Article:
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In a book i'm reading there are these formulas, $y$ and $\beta$ are vectors of same dimensions, $X$ is a matrix:

$$RSS(\beta) = (y - X\beta)^T(y - X\beta)$$ $$\frac{\partial RSS(\beta)}{\partial \beta} = -2X^T(y - X\beta)$$ $$\frac{\partial^2 RSS(\beta)}{\partial \beta \partial \beta^T} = 2X^TX$$

From what I understand, when he uses $\partial \beta$ as denominator, it uses the numerator layout convention, meaning the derivative is actually calculated w.r.t $\partial \beta^T$, and when $\partial \beta^T$ is used explicitly, it is just the same as using $\partial \beta$ with the numerator layout.

If that is correct, then why is he using two layouts at the same time in the second order derivative, why not just write $\partial \beta^2$, or even $\partial \beta^T\partial \beta$ ? If using $\partial \beta$ or $\partial \beta^T$ as denominator produces the same result, why not always be explicit and use $\partial \beta^T$ to avoid confusion ? Is there any advantage to have multiple layouts for matrix derivatives ?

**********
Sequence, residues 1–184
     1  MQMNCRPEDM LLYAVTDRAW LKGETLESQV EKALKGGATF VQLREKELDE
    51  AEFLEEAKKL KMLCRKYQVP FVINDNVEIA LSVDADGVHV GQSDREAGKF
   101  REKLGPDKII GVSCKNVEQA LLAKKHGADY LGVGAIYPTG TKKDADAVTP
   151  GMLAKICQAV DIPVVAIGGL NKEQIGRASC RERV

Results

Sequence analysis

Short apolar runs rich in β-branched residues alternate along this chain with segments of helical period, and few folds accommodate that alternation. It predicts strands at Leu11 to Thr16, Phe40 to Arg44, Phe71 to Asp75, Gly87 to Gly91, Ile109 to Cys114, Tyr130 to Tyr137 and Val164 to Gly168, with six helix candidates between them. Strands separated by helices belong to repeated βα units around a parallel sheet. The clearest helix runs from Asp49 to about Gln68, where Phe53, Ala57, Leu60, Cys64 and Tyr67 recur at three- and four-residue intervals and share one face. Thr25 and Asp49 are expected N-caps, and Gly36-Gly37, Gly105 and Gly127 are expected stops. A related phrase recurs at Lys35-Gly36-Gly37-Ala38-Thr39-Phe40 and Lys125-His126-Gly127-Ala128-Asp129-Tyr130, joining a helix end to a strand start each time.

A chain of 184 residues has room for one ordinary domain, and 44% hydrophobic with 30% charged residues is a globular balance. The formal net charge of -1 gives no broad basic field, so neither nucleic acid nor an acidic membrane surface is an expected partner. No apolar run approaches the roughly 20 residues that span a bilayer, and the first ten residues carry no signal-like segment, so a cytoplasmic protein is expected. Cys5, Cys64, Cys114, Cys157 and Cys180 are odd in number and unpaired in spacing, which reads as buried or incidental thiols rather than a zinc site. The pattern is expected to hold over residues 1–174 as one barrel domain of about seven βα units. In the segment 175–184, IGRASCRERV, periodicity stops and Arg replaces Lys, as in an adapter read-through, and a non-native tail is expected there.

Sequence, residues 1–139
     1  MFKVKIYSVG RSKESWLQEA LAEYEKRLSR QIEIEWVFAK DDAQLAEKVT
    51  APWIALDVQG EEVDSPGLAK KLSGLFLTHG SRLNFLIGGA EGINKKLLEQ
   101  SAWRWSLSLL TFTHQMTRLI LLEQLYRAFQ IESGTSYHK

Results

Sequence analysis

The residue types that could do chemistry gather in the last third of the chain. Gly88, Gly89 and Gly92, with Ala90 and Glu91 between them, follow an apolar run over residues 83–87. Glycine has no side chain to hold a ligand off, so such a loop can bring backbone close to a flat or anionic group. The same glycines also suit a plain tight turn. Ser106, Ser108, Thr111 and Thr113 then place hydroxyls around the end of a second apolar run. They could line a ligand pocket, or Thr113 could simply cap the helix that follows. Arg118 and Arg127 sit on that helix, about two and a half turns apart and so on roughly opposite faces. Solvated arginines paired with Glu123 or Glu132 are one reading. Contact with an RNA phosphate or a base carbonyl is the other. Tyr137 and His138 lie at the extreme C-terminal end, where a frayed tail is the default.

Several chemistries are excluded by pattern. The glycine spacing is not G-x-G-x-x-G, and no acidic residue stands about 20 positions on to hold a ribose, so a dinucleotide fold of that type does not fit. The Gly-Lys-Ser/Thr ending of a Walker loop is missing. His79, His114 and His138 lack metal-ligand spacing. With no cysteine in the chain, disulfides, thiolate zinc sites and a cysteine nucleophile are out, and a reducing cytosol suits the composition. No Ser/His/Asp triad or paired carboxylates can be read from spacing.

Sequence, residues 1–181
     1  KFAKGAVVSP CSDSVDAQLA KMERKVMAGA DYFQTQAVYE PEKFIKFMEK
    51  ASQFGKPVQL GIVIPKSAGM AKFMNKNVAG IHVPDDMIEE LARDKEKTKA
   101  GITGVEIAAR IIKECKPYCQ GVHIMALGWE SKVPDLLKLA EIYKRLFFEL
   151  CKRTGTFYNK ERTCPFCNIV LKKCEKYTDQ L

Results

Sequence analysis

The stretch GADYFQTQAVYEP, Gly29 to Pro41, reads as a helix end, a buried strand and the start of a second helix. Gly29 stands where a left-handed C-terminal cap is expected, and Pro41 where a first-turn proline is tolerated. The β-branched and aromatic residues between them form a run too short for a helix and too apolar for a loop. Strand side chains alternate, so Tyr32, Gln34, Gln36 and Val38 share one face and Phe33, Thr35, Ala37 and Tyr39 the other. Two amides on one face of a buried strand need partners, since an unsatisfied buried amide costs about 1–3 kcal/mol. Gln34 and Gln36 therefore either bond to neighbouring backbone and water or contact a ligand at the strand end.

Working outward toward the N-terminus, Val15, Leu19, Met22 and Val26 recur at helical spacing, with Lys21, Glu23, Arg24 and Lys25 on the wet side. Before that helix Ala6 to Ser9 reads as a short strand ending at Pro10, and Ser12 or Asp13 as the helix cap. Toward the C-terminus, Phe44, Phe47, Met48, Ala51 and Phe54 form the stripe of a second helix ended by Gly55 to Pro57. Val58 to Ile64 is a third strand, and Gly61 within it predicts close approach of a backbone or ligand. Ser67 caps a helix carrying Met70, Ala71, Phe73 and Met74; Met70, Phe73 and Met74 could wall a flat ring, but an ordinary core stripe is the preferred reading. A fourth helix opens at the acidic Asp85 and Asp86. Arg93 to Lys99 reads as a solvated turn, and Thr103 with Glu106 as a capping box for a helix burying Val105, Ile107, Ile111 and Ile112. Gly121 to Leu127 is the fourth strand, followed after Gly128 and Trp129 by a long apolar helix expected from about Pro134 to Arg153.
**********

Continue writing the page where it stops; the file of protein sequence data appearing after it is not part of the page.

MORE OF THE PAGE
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  • $\begingroup$ Note, these equations appear on page 45 of The Elements of Statistical Learning by Hastie, Tibshirani and Friedman, 2e. Naming the text may help others find this question. $\endgroup$ – mb7744 Jun 26 '18 at 16:58

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